Downtown Housing Needs Assessment in Charleston, WV

In January of this year Bowen National Research were hired by the Charleston Area Alliance to conduct a Downtown Housing Needs Assessment in Charleston, West Virginia.  Patrick Bowen, the principal and author of the report, presented the report’s findings last Tuesday (April 21st) at the Charleston Area Alliance “Think Tank” event.  You can read more about the presentation via the link below of the article in the Charleston Gazette.

In addition, Mr. Bowen’s presentation also made television on the local news channels WCHS and WSAZ in Charleston.  You can visit the link below to view the short video.

Regional Housing Needs Assessment for the City of Asheville, North Carolina

Asheville PresentationBowen National Research recently completed a regional housing needs assessment for the city of Asheville, North Carolina that included analyses of the city of Asheville and the four-county region of Buncombe, Henderson, Madison and Transylvania counties.  The principal, Patrick Bowen, had the opportunity to present the study several times last week to groups of city officials around the Asheville area.

Bowen National Research is an Ohio-based real estate research firm that conducts a variety of real estate studies throughout the United States, Puerto Rico, and the Virgin Islands.  Notable studies recently completed by the firm include studies of Springfield (Illinois), Morgantown (West Virginia), Nederland (Colorado), Joplin (Missouri), Evansville (Indiana) and a statewide analysis of Vermont.  According to the firm’s President, Patrick Bowen, “Government entities understand the value of the comprehensive housing and retail studies our firm provides and the benefits they offer as a key element to their strategic planning and marketing efforts.  Plus, our clients benefit from our experience of evaluating growing and stagnant markets, small towns to entire states, and even studies focused on neighborhoods or downtowns.”

These types of large-scale reports are very beneficial for city, county and state governments, as well as the private sector, as they illustrate the current and future demographic, economic, and housing trends of the selected area.  These reports are valued as an essential planning tool for our clients and bring to light issues that may have never been discovered otherwise.  This particular report highlights on the overall issue that the city of Asheville is predicted to face: large demographic growth and lack of available housing.  To read more about the report please see the link below of the news article summarizing the study or contact Patrick Bowen at or at 614-833-9300.  You can also visit our website for additional information at


Ohio Statewide Tax Credit Rental Housing Data

OHCoverSince 2011, our firm has been conducting statewide rental housing surveys on Tax Credit properties for various states that we select. Thus far we have surveyed nine different states, which include Georgia (2013), Indiana (2012), Iowa (2012), Kentucky (2013), Ohio (2014 our most recent), Pennsylvania (2012), South Carolina (2012), Tennessee (2013),  and Virginia (2012).  These surveys are all conducted by telephone and include properties that only operate with Low-Income Housing Tax Credits (both 4% and 9%).   Some of these projects also operate with a project-based subsidy, such as Section 8 or Rural Development 515, and/or have market-rate units.  While these surveys do not include all Tax Credit rental housing projects, we aim to survey approximately 75% of the published Tax Credit rental housing alternatives in each state, which provides a good representation of the affordable Tax Credit rental housing market conditions in each state surveyed.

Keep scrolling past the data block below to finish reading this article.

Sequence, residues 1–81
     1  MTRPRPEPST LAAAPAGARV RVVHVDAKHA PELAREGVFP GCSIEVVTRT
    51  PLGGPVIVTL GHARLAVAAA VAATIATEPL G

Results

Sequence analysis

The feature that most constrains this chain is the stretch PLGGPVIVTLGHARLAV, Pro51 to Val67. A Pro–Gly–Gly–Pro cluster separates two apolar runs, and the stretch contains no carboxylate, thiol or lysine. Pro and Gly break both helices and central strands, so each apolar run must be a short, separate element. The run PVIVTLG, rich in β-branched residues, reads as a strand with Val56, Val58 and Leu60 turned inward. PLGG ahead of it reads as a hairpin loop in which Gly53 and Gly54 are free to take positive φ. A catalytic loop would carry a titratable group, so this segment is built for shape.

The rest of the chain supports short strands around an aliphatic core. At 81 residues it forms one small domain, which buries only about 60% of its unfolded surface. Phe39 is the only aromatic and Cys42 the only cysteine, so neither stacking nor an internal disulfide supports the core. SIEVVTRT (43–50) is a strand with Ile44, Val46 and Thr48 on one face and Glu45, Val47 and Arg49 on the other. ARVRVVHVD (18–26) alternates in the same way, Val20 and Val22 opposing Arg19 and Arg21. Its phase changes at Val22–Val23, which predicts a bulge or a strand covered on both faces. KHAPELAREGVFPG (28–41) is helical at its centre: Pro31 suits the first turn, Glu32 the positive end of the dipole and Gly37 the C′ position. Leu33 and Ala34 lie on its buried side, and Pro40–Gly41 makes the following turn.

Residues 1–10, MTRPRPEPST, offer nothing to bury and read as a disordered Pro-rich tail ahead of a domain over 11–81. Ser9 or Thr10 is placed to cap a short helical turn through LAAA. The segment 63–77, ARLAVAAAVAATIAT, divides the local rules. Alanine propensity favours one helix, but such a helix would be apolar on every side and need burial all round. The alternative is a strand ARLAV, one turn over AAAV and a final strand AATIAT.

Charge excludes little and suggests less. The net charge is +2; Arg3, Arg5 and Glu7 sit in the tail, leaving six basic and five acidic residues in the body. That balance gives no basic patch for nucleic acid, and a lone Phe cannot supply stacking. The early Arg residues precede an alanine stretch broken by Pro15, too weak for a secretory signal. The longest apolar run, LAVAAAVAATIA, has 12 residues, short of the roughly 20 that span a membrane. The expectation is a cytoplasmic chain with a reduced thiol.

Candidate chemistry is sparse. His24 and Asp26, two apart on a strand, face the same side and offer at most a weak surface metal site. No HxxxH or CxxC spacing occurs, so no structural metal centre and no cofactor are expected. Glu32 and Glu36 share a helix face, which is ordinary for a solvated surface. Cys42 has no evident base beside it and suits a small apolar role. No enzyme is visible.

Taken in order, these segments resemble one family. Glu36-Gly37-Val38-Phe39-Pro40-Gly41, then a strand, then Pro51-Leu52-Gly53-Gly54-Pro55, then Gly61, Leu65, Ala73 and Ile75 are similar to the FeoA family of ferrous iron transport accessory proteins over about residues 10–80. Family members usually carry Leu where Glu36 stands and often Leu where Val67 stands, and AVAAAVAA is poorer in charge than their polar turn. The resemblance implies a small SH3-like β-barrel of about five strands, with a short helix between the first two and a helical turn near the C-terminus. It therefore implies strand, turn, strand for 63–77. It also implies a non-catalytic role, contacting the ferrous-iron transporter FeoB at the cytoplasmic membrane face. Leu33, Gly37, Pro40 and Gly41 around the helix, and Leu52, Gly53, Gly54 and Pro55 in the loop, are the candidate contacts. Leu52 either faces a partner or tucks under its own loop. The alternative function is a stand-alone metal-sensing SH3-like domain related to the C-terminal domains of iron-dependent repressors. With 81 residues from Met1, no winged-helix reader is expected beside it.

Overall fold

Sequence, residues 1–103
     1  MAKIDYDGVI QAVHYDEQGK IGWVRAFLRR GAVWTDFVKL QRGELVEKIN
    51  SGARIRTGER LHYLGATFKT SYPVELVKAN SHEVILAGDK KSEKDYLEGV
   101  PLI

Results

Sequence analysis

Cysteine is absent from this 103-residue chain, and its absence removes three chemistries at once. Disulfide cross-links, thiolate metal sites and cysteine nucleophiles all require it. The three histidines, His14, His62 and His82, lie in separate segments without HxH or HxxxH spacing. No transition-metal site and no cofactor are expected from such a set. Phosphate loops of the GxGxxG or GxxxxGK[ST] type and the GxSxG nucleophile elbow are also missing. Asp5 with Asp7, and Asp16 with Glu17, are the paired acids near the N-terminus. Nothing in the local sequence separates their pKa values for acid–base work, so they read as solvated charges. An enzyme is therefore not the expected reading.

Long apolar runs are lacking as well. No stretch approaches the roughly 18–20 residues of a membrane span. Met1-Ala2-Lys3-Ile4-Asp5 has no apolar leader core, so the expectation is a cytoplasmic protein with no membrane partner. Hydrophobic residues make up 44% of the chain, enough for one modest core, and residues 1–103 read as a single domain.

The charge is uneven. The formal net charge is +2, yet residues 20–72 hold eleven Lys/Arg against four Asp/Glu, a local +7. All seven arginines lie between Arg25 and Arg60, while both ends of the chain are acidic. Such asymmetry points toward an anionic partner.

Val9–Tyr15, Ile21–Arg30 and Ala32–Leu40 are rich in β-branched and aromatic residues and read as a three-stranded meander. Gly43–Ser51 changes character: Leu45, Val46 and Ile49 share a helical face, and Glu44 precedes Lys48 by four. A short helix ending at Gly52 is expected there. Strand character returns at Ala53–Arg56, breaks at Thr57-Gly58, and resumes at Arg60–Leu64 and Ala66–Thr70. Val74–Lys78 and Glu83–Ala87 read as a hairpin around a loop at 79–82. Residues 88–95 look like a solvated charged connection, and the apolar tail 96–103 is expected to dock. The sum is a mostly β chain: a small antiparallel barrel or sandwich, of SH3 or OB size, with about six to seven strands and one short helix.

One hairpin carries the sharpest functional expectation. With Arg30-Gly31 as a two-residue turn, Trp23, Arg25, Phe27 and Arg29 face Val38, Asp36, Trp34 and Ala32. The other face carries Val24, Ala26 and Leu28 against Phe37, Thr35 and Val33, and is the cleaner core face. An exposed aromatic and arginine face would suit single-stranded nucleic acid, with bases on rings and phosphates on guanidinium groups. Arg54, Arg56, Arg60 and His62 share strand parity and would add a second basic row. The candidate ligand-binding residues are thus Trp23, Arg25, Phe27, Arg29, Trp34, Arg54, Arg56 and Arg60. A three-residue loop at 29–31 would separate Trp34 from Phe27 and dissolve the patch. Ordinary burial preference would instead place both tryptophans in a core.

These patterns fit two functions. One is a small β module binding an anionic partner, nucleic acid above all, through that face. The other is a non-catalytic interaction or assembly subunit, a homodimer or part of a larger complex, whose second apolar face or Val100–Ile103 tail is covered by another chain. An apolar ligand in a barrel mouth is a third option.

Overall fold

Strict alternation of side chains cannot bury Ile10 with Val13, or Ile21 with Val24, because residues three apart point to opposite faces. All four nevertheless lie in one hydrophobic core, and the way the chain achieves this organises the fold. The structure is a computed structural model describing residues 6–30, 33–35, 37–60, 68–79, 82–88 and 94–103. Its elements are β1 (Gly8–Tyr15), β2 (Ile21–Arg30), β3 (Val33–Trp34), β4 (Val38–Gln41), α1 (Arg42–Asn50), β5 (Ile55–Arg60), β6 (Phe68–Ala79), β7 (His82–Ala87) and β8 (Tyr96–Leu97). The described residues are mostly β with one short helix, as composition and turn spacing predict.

We recently completed a statewide rental housing survey in the state of Ohio that included 815 rental projects comprising 57,072 Tax Credit units.  There were 1,146 vacant Tax Credit units, yielding an overall occupancy rate of 98.0%.  Note that our housing data is segmented between non-subsidized Tax Credit units and Tax Credit units that operate with a concurrent subsidy.  The occupancy rate among the non-subsidized Tax Credit units was 97.1%, while the occupancy rate among Tax Credit/Government-Subsidized units was 99.2%.  The statewide median collected rents for studio up to four-bedroom units range from $323 to $725.  We also derived the median collected rents on a county level as well as the occupancy rates.  To access the full Ohio statewide rental housing survey, including aggregate occupancy and rental data, overall demographic growth trends, low-income household growth trends, general economic data and more, please visit the Research Center on our website.  You can also see the full statewide reports of all nine states our firm has conducted.

            Although we are not hired to conduct these statewide rental housing surveys, we complete these reports for several reasons.  One of those reasons is for our internal use.  It makes our process more efficient when we have this data readily available in our database.  This improves our accuracy and turn around time for site-specific feasibility studies.  Secondly, it expands our coverage areas.  It ultimately adds to our expertise in these markets, specifically, the states we do a vast amount of work in.  Lastly, and most importantly, we can assist our current and future clients to identify markets that are performing well in terms of housing conditions and demographics, and what markets are lacking affordable housing.  With these statewide rental housing surveys we are able to see a quick summary of the entire state’s affordable rental housing market conditions including breakdowns by county levels.  This is valuable information to our clients as it gives great insight into that state’s affordable rental housing market.  Although it is not an in depth analysis, it is a good starting point for developers.

Importance of a Market Feasibility Analysis

Houses with arrows - HM cropped